At least I will always remember the day even if the photos didn’t turn out like I was hoping! For the last 10 minutes of the hour (you are allowed exactly one hour with the gorillas) we followed them up into a dense portion of the forest with muddy trails and prickly plants that stuck to my pants and shoes the rest of the day. We were able to watch the lead silverback have a short lunch of leaves and grass while a baby played in a tree nearby. Eventually the guides told us it was time to say goodbye and we were about to head down the trail when our “friend” from our stressful game of tag was jogging up the path. We all immediately began moving behind the guide and my poor friend Alisha was left isolated on the opposite side of the trail. She did everything right (no running or screaming) and he ran by her, pausing only to slap her chest with his hand, leaving a smear of dirt across her shirt and a petrified look on her face. The last image we got of a gorilla was this obnoxious blackback ambling up the trail at a leisurely pace, passing gas, grunting, and grabbing leaves from the lower shrubs. When we made it back down to the meadow (the one where my friend captured the lovely crotch photo) the forest suddenly erupted in sounds of gorillas screeching and grunting. The guide told us that sometimes the lead gorilla will hand out punishments to the gorillas that misbehave for visitors, which seemed unreal but he said it is really true.
We hiked back down to the edge of the forest, jumped over the wall, and after a short walk back to the cars our adventure was over. Once we left the park it didn’t even seem real anymore. From what I gather our experience was very unusual and the gorillas almost never touch people and are rarely violent. I suppose there is a first time for everything but I am happy to report we all survived the trek and it was positively amazing! I would highly recommend this adventure to anyone coming to Rwanda. The prices just went up this year and it is now $750 for one permit if you are visiting and $375 if you live here. Luckily we bought our permits the day before the prices changed so we only paid $250- still a lot of money but a steal compared to $750. My pictures are not great but one of the men in our group had a very nice camera that took beautiful pictures and he and his wife generously offered to send us their photos. I won’t have those for a while but for now here are some of mine:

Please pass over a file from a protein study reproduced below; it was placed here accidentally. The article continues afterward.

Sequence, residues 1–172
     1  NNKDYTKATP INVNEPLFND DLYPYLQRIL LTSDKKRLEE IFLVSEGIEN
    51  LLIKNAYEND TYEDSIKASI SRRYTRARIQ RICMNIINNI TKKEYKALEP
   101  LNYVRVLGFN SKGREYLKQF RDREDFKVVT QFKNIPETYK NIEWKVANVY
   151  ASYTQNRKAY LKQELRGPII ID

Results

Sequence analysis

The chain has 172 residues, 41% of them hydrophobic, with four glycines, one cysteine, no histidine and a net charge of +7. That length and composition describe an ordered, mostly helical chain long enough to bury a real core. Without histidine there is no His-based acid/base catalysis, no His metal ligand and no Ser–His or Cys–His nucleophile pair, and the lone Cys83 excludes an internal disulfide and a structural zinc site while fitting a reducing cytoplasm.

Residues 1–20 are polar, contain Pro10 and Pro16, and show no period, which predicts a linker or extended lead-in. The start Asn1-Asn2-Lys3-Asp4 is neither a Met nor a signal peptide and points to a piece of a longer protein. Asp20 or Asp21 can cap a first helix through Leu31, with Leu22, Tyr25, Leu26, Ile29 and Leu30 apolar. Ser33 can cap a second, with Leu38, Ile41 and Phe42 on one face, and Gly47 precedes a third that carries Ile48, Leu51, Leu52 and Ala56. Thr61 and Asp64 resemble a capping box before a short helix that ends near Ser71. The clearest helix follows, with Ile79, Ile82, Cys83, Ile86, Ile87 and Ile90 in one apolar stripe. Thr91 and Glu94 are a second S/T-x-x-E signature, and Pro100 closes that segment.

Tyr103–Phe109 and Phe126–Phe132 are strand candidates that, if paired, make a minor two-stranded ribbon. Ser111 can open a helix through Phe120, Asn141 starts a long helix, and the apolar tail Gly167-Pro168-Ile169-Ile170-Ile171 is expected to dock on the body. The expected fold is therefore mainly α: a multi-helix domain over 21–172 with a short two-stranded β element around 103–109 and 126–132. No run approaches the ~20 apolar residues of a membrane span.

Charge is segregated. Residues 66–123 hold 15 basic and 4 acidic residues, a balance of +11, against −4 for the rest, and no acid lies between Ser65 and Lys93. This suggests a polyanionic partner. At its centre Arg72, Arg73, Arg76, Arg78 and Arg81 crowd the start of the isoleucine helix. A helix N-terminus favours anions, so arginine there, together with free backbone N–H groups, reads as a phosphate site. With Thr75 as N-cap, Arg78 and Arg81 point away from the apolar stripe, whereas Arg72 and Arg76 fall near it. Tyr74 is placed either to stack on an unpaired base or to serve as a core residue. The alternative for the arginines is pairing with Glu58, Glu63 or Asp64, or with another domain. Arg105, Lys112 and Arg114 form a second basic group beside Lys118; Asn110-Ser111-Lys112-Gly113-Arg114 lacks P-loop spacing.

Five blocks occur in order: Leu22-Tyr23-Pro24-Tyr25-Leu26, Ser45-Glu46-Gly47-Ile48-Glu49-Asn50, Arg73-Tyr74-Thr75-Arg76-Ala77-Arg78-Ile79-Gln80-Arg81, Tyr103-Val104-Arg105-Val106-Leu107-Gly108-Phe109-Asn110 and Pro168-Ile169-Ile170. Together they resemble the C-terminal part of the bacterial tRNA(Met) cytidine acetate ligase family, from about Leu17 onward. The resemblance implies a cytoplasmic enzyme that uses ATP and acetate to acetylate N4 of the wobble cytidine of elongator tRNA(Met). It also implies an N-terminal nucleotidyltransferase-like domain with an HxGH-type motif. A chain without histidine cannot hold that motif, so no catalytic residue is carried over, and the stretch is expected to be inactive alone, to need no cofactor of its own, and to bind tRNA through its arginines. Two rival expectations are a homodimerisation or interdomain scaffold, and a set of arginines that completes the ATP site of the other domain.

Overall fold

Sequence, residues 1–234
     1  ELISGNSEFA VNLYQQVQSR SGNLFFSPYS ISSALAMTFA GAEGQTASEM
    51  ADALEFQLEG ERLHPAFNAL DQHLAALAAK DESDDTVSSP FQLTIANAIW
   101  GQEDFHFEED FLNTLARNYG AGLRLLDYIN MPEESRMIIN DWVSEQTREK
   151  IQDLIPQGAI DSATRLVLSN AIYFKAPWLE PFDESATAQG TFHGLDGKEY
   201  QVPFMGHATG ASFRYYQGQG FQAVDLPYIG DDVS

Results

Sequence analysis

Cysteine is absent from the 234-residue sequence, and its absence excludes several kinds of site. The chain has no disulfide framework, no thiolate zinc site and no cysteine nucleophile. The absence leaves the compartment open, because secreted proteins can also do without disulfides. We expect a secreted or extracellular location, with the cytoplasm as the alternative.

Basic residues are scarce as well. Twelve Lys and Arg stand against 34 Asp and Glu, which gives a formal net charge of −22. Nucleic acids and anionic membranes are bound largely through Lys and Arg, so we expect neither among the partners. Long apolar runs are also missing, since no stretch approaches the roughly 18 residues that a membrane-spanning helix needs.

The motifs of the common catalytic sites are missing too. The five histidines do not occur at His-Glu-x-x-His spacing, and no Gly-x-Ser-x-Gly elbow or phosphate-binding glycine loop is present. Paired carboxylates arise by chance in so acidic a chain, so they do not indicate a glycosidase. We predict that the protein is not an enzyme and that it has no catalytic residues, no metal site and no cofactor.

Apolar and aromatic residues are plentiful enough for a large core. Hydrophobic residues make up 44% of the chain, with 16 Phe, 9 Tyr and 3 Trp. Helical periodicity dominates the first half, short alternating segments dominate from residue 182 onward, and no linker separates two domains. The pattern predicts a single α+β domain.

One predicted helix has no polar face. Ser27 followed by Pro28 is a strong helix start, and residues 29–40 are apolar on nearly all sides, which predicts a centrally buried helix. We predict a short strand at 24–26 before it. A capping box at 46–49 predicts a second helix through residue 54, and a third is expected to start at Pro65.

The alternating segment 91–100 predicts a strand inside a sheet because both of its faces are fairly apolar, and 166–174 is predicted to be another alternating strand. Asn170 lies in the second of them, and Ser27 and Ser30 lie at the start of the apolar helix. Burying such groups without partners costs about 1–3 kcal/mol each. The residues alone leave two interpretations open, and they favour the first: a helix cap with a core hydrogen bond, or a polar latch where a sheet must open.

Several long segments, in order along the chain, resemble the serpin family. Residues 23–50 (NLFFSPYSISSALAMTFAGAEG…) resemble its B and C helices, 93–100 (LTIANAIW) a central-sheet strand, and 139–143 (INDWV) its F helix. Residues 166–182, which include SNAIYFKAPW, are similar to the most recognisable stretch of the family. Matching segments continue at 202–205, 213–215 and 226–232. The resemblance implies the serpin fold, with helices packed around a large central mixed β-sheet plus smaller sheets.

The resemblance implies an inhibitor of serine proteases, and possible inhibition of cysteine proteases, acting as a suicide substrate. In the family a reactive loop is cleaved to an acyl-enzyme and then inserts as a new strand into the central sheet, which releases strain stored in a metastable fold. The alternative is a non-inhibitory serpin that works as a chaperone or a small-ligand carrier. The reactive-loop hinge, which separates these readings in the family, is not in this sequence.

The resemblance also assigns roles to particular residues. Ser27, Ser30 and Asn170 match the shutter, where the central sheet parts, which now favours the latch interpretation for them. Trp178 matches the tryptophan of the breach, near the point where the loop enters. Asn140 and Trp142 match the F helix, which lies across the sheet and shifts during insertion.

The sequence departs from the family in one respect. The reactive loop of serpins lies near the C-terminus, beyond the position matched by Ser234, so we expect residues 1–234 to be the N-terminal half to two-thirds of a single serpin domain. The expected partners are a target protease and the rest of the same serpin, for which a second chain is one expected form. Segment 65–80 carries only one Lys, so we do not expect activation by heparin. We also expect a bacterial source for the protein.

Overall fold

Final group shot! From left to right- Soldier with AK-47 to protect us from buffalo or elephants, our guide, Alisha, me, Meredith, adorable couple from Canada, quiet but nice couple from Switzerland, awesome guy from Canada who had a Scottish accent and was super funny, and our second guide. It was a great group and we had a lot of fun together and made it out of the forest just as the rain clouds rolled in- perfect timing! It was the adventure of a lifetime and I feel so blessed to be living in a country that offers amazing opportunities like tracking mountain gorillas!
I will end this post with another Dian Fossey quote that I love. Dian lead a life dedicated to researching and protecting these beautiful animals so I feel it is necessary to honor her in some way. This is her last diary entry that she wrote shortly before she was murdered in her cabin in Rwanda:
When you realize the value of all life, you dwell less on what is past and concentrate more on the preservation of the future.